The MARS Rule also requires mortgage relief services to disclose key information to customers, including that the company is not associated with the government or the customer’s lender and that the lender may not agree to change the customer’s loan.   In addition, it the company tells the consumer to stop paying their mortgage, they must inform the consumer that this could cause them to lose their home and damage their credit rating.

In addition to the mandatory disclosures, the MARS Rule prohibits mortgage relief companies from making false or misleading claims about services, including claims about:

  • the likelihood of consumers getting the results they seek;
  • the company’s affiliation with government or private entities;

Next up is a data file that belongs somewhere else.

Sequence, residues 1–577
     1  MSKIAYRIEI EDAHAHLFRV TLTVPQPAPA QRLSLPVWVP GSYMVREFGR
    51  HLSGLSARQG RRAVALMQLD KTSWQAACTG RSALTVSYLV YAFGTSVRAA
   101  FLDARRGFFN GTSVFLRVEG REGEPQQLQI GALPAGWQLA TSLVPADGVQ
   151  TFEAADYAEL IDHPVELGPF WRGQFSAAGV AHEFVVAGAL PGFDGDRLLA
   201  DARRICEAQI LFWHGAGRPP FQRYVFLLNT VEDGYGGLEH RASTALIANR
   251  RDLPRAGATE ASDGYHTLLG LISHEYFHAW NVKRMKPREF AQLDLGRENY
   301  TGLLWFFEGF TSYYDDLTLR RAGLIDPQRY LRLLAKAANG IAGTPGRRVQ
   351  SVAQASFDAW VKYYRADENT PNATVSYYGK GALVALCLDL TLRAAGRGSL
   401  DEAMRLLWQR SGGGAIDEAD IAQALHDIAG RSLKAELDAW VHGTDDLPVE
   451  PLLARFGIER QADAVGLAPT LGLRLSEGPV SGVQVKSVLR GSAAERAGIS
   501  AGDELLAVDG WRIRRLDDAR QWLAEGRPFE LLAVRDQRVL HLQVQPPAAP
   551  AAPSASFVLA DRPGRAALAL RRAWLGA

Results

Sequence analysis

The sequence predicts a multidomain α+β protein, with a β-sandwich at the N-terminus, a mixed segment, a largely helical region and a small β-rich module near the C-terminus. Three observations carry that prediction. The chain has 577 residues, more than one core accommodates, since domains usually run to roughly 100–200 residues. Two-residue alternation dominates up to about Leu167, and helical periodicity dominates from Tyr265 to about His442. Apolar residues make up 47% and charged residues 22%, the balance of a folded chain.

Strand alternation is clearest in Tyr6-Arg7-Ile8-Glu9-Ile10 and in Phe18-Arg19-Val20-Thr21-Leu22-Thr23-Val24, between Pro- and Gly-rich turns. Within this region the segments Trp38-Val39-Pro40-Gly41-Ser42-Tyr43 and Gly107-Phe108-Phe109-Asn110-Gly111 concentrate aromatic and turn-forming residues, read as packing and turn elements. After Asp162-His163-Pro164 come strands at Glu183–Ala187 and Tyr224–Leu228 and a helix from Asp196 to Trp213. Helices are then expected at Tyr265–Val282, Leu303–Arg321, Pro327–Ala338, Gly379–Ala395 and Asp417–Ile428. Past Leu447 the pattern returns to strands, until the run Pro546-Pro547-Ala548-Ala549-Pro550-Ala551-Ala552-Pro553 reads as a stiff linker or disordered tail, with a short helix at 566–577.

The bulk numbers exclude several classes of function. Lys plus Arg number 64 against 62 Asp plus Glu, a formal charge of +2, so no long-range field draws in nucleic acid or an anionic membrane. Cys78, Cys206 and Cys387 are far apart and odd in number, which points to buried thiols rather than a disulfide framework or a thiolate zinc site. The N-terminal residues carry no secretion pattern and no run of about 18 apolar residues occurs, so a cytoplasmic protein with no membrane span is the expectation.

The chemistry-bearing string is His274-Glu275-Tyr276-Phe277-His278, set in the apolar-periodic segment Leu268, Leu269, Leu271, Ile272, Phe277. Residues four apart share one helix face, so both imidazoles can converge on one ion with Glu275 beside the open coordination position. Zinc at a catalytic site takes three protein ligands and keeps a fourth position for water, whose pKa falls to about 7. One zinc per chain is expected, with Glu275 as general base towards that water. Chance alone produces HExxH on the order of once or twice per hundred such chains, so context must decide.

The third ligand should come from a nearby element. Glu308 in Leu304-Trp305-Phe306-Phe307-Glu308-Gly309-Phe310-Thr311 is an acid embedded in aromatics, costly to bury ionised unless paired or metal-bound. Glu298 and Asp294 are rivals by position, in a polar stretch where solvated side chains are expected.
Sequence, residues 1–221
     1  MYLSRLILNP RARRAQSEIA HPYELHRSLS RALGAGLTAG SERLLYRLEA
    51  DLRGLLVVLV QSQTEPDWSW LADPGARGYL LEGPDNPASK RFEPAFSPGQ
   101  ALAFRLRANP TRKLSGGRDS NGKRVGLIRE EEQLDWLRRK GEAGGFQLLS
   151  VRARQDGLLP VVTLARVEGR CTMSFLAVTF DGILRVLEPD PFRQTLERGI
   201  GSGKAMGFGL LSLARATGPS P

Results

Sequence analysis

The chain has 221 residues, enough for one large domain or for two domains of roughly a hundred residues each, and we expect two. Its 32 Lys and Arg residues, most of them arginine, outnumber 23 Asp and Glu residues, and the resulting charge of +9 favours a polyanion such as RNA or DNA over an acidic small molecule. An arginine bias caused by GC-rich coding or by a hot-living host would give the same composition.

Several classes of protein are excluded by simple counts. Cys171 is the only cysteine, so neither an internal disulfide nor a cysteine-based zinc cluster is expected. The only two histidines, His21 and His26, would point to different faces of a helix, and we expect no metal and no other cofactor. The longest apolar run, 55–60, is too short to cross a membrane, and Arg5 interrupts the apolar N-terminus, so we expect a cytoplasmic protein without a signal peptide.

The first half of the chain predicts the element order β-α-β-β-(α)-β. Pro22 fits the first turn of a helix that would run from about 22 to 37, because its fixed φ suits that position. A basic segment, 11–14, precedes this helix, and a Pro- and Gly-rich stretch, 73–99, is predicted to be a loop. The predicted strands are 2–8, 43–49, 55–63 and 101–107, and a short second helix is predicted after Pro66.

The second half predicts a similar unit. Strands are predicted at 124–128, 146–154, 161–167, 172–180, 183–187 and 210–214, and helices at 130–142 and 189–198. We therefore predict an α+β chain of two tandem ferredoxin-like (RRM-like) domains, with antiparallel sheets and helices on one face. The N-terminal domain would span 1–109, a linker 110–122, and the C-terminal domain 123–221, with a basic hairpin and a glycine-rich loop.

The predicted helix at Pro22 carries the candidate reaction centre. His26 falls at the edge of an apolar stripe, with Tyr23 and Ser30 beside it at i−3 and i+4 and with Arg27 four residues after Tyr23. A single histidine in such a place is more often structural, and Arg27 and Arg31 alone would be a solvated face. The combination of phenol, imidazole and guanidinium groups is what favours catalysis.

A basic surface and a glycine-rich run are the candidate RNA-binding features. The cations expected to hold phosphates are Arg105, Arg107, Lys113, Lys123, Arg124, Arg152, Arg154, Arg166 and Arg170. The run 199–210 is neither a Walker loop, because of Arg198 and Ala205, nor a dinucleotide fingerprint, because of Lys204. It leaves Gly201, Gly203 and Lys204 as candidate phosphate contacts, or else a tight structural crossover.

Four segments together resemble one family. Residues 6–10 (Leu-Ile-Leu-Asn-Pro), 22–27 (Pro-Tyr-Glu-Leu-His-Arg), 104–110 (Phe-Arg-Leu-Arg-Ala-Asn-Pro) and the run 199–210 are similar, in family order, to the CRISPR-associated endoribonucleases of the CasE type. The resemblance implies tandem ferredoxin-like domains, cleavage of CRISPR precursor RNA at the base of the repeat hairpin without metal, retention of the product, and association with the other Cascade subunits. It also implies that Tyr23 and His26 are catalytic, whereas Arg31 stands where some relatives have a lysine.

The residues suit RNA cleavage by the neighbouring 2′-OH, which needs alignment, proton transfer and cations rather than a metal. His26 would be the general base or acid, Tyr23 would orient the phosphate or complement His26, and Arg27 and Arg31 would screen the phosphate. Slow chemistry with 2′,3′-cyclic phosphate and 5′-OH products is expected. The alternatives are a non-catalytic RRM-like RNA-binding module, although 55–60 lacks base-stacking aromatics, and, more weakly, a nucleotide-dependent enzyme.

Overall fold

• the consumer’s payment and other mortgage obligations;
  • the company’s refund and cancellation policies;
  • whether the company has performed the services it promised;
  • whether the company will provide legal representation to consumers;
  • the availability or cost of any alternative to for-profit mortgage assistance relief services;
  • the amount of money a consumer will save by using their services; or
  • the cost of the services.

In addition, the rule bars mortgage relief companies from telling consumers to stop communicating with their lenders or servicers. Companies also must have reliable evidence to back up any claims they make about the benefits, performance, or effectiveness of the services they provide.